It’s St Valentine’s Day tomorrow – 14th February – the day which has been colonised and commercialised by the hazy notion of romance. If you don’t spend, you don’t care, and if you’re not in a couple you’re nowhere and nothing. If you feel alone – even if you’re at the centre of a busy family – then the fuss around this one winter’s day can be overwhelming, making you feel worse than ever.
BUT…. turn it to your advantage! Make imagination your friend instead of your enemy, and write yourself out of those lonely feelings. Leap out of the round-and-round whirlpool of miserable feelings and leap into the limitless worlds of possibility in your imagination. Spend the day (which is, rather conveniently, a Sunday this year) writing furiously, inventing, exploring, what-iffing.
Use Valentine’s Day as a prompt, if you like. Write Mr Right… or Mr Wrong. Write your perfect romance, or the nightmare romance. Not everything that happens on 14th February is lovely – remember the St Valentine’s Day Massacre – Chicago 1929. How could murder happen on this most loving of days?
Use your feelings, feed them into your powerful imagination, and create something great with the force of love behind it. Wherever that takes you.
The whole process of travel – on public transport, not in a car – is fraught with opportunity for storytellers.
Four flights and two train journeys in three days have made me think about the possibilities for mystery, murder, suspense and romance in the confusion of airports and stations.
Alfred Hitchcock made the most of trains in several movies, and there is the glorious example of The Lady Vanishes. Arthur Haley’s Airport, milked the drama of air travel, and the spoof Airplane! and its sequels milked the comedy potential… to the very last drop. We already have a long list of travellers’ tales, but there is plenty of scope for the rest of us.
Love and death
Think of the numbers of people at any one moment in a big airport. Staff and travellers must add up to tens of thousands of people on the move; a clever murderer could kill and get away with it, even with the hundreds of cameras watching every twitch and grimace.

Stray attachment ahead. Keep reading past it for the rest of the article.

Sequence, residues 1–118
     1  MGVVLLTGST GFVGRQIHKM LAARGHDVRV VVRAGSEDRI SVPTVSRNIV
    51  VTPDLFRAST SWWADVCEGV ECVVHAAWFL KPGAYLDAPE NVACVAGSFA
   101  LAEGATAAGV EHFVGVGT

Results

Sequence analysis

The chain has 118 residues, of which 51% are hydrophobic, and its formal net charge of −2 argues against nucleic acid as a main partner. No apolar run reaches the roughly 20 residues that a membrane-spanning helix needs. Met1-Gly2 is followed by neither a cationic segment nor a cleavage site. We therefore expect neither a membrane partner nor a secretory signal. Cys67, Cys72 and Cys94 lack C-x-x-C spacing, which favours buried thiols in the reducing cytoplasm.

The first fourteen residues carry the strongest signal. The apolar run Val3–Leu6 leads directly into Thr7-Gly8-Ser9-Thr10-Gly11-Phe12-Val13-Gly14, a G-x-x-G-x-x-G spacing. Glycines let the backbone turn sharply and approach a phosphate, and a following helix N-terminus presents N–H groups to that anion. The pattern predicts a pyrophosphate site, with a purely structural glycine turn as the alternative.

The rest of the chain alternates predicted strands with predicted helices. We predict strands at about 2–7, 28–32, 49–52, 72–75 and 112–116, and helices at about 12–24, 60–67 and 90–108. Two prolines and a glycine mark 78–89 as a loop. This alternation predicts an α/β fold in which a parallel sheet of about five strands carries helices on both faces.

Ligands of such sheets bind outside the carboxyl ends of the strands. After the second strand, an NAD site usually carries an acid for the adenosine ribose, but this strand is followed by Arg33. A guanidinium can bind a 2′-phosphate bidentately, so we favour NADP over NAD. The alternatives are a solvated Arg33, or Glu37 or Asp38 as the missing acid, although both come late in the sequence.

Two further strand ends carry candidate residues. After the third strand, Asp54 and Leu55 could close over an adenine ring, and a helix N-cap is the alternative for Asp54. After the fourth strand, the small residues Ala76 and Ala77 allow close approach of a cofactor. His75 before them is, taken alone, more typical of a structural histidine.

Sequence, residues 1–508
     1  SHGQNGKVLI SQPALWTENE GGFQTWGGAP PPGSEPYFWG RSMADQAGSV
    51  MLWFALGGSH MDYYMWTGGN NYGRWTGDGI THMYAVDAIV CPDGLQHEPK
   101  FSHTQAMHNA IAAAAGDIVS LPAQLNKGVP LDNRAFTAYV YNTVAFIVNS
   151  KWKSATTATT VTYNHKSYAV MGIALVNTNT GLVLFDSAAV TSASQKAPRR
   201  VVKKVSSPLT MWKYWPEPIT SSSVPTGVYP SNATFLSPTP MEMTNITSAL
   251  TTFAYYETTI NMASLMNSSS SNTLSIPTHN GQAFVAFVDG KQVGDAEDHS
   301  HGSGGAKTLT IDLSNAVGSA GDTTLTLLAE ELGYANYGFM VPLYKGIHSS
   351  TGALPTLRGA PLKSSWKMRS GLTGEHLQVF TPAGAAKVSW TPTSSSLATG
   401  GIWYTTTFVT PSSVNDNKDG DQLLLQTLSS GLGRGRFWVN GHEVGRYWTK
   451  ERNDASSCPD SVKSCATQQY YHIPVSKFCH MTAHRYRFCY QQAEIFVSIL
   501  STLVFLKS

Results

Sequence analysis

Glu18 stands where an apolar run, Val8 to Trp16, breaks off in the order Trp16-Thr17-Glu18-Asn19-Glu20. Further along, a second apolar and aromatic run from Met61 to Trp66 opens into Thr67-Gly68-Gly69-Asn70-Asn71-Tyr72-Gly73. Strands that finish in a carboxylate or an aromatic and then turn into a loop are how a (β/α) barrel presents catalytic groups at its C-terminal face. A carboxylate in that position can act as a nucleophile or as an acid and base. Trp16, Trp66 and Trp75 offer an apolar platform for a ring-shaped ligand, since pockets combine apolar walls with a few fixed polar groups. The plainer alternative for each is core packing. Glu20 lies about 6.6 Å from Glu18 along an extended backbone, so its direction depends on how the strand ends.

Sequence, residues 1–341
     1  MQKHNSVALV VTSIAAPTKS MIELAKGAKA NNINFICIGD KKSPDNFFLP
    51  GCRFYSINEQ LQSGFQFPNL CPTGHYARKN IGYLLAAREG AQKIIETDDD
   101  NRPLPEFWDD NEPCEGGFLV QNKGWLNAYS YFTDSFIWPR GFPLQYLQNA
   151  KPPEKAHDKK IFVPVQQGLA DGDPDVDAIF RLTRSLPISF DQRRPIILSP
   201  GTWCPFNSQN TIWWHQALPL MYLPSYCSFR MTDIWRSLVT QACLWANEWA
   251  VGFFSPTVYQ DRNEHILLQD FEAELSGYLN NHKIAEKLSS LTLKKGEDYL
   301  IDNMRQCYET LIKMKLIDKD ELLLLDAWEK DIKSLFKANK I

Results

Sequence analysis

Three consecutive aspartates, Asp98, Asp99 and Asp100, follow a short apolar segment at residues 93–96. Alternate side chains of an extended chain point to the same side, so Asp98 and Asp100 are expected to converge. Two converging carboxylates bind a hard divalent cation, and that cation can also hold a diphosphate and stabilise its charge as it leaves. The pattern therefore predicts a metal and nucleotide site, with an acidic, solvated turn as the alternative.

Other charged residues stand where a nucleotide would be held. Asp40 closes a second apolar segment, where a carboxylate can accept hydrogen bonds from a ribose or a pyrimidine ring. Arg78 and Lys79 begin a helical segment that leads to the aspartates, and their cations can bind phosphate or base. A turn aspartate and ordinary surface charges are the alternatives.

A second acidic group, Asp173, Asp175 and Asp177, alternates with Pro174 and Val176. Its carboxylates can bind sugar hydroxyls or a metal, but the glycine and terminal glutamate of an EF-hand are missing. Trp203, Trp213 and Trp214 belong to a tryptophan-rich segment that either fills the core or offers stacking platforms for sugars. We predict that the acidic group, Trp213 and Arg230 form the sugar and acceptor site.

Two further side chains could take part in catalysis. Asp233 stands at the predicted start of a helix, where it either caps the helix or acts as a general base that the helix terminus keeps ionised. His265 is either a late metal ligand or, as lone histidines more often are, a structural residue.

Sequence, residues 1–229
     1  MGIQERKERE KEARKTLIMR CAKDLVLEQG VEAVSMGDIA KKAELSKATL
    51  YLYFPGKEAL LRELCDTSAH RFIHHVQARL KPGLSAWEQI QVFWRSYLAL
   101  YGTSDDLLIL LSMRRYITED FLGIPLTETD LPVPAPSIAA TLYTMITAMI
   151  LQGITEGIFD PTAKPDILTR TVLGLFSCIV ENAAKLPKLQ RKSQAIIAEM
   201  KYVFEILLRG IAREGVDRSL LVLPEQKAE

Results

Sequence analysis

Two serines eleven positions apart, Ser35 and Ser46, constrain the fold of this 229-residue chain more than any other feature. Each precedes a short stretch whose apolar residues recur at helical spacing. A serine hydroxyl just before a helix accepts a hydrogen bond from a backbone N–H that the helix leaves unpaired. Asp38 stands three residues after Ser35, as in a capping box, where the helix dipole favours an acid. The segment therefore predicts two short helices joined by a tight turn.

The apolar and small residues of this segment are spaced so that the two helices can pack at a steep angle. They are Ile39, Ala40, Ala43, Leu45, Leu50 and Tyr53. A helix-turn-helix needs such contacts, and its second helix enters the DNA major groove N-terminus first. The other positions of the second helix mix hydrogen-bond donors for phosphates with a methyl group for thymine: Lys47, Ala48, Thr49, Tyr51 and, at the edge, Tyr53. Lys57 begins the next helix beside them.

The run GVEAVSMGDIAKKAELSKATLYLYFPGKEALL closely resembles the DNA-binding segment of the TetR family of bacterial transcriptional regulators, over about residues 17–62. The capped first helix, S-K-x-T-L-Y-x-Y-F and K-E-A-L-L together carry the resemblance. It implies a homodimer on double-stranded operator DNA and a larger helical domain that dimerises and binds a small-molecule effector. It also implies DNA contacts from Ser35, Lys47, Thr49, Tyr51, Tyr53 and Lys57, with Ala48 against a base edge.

The romance of two people in transit, a fleeting encounter, infinite futures… the potential is limitless. An airport sees people from everywhere in the world; the poor and the rich, the celebrated and the anonymous – crossing paths in limbo, where so much is out of their control.
Airports are ideas factories. Ferries, too. The best time to watch is in the early hours, where travellers wait for hours, too tired to pretend, sleepy, out of sorts, too hot or too cold, bored and frustrated. One can spend happy hours dreaming up their stories, earwigging on their monosyllabic conversations, wondering what if and what next.
Next time you fly, give yourself extra time between connections to watch, listen and dream.
1. The 10th anniversary of a murder. Woman was stabbed while walking to a restaurant to meet her fiancé. Man was convicted and put away, but it was the wrong man. The murderer goes back to the restaurant to celebrate his victory. Who else is there?
2. A woman invites all her exes to dinner on 14th Feb by telling them, in the Valentine’s card invitations, that she is dying. Who turns up? What happens?